Water softeners greatly improve the quality of tap water. Soft water mixes much easier with soap than hard water does. When using soft water, detergent use can drop by 50 to 75 percent with both laundry and dishes. The machines can also run on cold water, saving energy in the long run. For those who worry about their salt intake or are looking for an alternative for those bags of pellets required by your current water softener, there are other options. There are lesser known options, like the salt-free, reverse osmosis, or magnetic water softener. In this article we'll focus on the magnetic water softener and how it works.
What Is a Magnetic Water Softener?
To better understand your options, we'll take a look at how a water softener works and how to know if you need one.
The more common water softeners add another mineral (like salt) to soften the water. They work well, but it won't make the best tasting drinking water and if you are concerned about your sodium intake, it can affect your blood pressure. Fortunately, there are a few alternatives which use water pressure or a magnetic field to mechanically separate minerals in the water.
How Do Water Softeners Make Hard Water Soft?
Hard water is water with a high mineral content. Usually sourced from the ground, it is very common in the United States. As the water percolates through deposits of sedimentary rock (like limestone and chalk), some minerals wash away with it. These minerals include calcium and magnesium carbonates, which are responsible for soap scum, scaling, and skin irritation. It can be easily recognized by its bad taste and lack of suds and bubbles when mixing in soap.
While hard water doesn't generally pose a health risk, it can negatively impact water-using appliances; especially in appliances that hold water for long periods of time. Mineral build-up can also cause problems of low pressure in water pipes.
Mechanical or Chemical Reaction
Water softeners work to change the density, hardness, and energy level of the water being treated. There are two ways of doing this. A chemical water softener uses a chemical reaction to change the composition of the water to lessen the accumulation of minerals deposits. Water softeners which change the water without chemicals only react mechanically with the water to break down existing minerals, but they don't affect the chemical composition of the water.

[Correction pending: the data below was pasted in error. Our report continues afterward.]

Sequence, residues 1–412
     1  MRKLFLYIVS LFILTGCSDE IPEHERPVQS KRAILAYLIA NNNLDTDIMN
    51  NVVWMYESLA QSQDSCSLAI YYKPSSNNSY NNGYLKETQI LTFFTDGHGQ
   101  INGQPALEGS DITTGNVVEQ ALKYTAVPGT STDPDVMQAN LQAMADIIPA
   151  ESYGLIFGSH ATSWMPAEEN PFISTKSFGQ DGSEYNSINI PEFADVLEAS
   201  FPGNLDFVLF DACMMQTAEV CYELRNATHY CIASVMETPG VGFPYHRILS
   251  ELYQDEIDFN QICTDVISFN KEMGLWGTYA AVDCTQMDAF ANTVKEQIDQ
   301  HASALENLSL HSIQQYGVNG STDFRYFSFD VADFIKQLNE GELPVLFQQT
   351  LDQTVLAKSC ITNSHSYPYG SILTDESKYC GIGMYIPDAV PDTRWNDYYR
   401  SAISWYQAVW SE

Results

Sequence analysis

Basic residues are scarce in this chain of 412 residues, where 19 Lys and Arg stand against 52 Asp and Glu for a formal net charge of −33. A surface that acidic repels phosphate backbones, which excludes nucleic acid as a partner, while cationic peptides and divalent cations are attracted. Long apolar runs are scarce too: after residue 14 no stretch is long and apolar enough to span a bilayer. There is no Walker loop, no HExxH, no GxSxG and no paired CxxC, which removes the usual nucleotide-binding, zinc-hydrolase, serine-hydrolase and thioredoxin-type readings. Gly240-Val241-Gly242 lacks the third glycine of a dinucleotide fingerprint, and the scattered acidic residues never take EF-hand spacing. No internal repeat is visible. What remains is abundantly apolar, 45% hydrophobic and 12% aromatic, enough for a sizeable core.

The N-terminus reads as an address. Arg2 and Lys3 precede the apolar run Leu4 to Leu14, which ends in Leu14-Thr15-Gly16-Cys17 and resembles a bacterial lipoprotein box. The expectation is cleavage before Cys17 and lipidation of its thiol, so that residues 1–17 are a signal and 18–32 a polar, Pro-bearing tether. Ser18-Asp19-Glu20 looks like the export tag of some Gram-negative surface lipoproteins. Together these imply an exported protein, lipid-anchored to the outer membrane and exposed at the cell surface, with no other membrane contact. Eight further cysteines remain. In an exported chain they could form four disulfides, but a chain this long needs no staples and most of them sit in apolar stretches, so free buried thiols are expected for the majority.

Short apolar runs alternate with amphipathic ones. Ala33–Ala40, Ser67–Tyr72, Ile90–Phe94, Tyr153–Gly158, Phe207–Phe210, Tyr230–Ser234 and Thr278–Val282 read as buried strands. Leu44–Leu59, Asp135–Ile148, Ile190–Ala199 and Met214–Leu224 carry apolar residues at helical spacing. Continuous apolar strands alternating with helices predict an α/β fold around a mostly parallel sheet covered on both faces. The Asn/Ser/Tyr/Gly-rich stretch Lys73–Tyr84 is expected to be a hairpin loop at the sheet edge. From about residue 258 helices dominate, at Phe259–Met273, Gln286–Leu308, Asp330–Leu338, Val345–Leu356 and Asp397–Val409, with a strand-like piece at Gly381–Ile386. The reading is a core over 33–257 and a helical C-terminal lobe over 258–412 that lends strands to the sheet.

How to Know If You Need a Water Softener
When water has a high percentage of calcium and magnesium ions, it fails to react and doesn't mix well with other compounds. Even liquid soap doesn't lather up with hard water. It also doesn't rinse off well either. It is known for leaving behind a thin filmy feeling on the skin. This is from hard water not being able to completely rinse away soap from lines and pores.
Hard water also poses a problem for water-using appliances, like coffee machines, washing machines, dishwashers, and even faucets and toilets. The build-up of minerals affects water pressure and energy efficiency.
Lack of Energy Efficiency
A water heater is known to be up to 18 percent of the energy bill for American households. According the the Department of Energy, not only does mineral build up shorten the lifespan, but it also cuts efficiency by up to 48 percent. Even tankless water heaters are known to to fail after only a couple years when using hard water.
If you have (or hope to get) a High Efficiency (HE) appliances, some manuals recommend using only soft water. Also, some models void their warranties if you use hard water. Using a water softener reduces these negative effects of hard water and can even break down existing "lime sludge" that has accumulated over time.
Types of Water Softeners
There are four types of water softeners (only one of which uses chemicals): ion exchange, reverse osmosis, salt free, and magnetic. The difference is that, when chemically broken down, soft water will stay soft for a long period of time. Mechanically broken down "soft" water is only temporarily soft. It is likely to build back up to hard while sitting in the water heater.
The most common water softener is an ion exchange softener. It uses sodium or potassium tablets to remove ions in the water that cause hardness. However, water softened by these tablets is not recommended for drinking, especially for individuals concerned about their sodium intake.